2. Personal Statement/Letter of Intent

  • This is what makes you stand out from other applicants. Your personal statement is where you share your interests, passions and unique life experiences and skills. Take up hot air ballooning, travel abroad, give service, speak a language, highlight skills gained from internships and work; all of these combine to make you stand out.
  • General Academic Programs- BYU’s Writing Center staff (4026 JKB) can assist with clarifying the content and refining the technical aspects of your statement.
  • Health Profession, Medical, Dental, Law, MBA- (non BYU–specific)- The Preprofessional Advisement Center (3228 WSC) has an in-house editor who can assist with the technical aspects of your personal statement. Once you provide the content, the editors will help you with formatting. Additionally, frequent writing seminars are available for additional help.

3. Research

  • Because research is a key component of most graduate and professional school programs, having an undergraduate background and experience in this area, will make you a stronger candidate for a graduate program. Most undergrads will get their initial research experiences by assisting faculty with their research projects.
  • Publishing in your field is an excellent credential to reference. Information on Orca Grants and Mentored Student Research can be found at or through department offices.


  • Locate the school/programs of your choice
  • Contact the school about visiting and interviewing
  • Make sure you have completed pre-requisite requirements
  • Download the application or begin the process online
  • Request letters of recommendation from your professors: Allow ample time for this component. Generally you waive the right to see those letters which are written. YOU are responsible for ensuring the letters are received by the mandatory due date.
  • Write your personal statement/letter of intent. Make sure you allow the opportunity for several drafts and revisions.
  • Obtain an official transcript of university coursework from each university you’ve attended.
  • Applications or the application process may include writing samples, portfolios, auditions, and interviews.
  • Pay the appropriate fee when submitting your application.


  • Many graduate students find that they are able to supplement their tuition requirements through research assistantships, teaching assistantships, research and departmental grants, loans, stipends, and fellowships. The entire financial burden doesn’t have to rest on you alone. Federally subsidized student loans are a very common method of financing graduate/professional school education. Contact the financial aid office of the graduate school you will be attending for more information and assistance.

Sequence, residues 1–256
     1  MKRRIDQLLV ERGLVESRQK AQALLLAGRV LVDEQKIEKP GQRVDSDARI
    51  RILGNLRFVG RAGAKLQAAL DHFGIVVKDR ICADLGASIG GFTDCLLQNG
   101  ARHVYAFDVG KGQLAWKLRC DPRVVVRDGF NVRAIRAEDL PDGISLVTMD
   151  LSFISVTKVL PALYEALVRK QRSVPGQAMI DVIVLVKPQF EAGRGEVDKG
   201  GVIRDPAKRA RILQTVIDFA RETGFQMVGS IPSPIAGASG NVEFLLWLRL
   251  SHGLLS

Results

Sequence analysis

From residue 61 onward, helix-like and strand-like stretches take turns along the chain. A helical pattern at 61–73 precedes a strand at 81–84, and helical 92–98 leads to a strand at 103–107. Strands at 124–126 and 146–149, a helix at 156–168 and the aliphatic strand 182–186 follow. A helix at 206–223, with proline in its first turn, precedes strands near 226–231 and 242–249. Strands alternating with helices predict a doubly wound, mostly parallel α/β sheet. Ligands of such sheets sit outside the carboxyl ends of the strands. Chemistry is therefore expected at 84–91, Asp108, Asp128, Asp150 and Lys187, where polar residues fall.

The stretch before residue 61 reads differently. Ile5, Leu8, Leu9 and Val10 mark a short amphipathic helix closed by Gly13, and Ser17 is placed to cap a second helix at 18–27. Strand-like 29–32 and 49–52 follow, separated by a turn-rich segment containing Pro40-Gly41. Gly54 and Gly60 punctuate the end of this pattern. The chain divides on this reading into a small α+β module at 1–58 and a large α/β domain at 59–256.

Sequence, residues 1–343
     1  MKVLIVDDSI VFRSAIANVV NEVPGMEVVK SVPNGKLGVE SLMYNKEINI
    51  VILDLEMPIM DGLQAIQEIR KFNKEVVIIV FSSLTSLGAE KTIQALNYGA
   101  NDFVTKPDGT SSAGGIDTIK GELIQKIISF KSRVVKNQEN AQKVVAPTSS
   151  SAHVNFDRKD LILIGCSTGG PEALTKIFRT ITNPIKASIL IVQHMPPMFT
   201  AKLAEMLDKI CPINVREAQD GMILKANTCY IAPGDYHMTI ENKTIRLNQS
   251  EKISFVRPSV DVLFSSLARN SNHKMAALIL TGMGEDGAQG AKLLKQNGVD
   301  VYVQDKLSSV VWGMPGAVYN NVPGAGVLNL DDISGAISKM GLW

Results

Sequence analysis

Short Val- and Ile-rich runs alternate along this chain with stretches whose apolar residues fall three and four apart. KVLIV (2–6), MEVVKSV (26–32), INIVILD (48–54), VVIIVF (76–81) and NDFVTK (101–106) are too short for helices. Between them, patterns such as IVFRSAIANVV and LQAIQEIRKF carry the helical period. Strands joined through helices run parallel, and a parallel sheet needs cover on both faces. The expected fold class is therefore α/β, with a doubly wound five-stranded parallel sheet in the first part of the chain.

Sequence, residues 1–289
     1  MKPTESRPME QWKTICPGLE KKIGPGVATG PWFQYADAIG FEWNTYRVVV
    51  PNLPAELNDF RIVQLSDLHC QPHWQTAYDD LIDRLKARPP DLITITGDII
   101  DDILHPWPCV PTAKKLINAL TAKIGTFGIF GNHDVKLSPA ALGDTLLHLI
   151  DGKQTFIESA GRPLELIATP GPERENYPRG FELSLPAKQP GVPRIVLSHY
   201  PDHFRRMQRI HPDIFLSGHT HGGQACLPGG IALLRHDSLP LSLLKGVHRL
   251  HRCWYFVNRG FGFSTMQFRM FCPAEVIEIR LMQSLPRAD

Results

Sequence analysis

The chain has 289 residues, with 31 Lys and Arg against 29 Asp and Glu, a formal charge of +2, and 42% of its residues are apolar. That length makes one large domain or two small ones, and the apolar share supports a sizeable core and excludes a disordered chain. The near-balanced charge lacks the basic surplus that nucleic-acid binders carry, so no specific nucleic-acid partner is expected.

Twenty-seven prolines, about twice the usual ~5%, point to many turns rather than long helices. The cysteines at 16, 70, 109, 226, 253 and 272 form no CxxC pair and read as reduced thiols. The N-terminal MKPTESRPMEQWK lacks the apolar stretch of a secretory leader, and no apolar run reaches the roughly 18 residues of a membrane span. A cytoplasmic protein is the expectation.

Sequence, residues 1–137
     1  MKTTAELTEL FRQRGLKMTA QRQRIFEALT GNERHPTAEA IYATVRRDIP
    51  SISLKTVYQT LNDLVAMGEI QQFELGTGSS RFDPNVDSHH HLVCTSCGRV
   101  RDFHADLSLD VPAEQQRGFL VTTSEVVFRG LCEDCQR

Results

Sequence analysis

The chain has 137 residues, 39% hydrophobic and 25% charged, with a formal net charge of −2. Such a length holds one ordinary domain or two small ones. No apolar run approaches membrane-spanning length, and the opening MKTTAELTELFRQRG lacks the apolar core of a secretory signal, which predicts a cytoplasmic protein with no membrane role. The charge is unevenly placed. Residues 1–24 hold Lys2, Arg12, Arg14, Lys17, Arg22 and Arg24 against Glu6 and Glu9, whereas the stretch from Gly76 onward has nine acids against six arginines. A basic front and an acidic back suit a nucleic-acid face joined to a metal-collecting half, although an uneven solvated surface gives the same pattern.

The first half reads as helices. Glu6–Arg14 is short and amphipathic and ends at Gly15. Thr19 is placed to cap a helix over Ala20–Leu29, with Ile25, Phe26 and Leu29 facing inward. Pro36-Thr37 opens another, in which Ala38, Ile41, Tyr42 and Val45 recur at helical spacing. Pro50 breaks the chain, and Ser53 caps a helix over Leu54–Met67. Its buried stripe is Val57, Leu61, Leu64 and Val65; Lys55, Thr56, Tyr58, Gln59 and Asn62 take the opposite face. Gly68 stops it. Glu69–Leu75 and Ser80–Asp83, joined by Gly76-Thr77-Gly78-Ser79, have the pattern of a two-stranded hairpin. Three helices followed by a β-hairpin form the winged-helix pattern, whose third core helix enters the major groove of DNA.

What is a Thesis?

  • “A masters thesis is an in-depth and original research project conducted during your graduate studies. Students generally conduct these projects over the course of several semesters under the guidance of a faculty advisor.” (Retrieved on June 10, 2009 from

What is a dissertation?

  • A dissertation. . . is a document that presents the author's research and findings and is submitted in support of candidature for a degree or professional qualification. (Retrieved on June 10, 2009 from wikipedia) A dissertation is typically expected to add to the body of knowledge for the discipline.

What is the difference between a Master’s degree and a Ph.D?

What is the difference between an MA, MS, PHD, PA, MD, JD?

I Want to Go into the Medical or Law Field...What Resources Does BYU Offer to Help Me Get There?

  • The Pre-Professional Advisement Center is dedicated solely to helping Pre-Med and Pre-Law students get into professional schools. They can provide you with information on prerequisite courses and entrance exams, as well as contact and application information for various medical and law schools around the country. Advisors are available to help students wanting to go into chiropractic, dental and dental hygienist, medical, occupational therapy, optometry, PA, pharmacy, physical therapy, podiatry, and law schools.
  • Both Pre-Med and Pre-Law advisors can be found in 3328 WSC. To set up an appointment with a Pre-Law advisor, please call (801) 422—2318. Advisors for students going into medical fields can be reached at (801) 422—3044.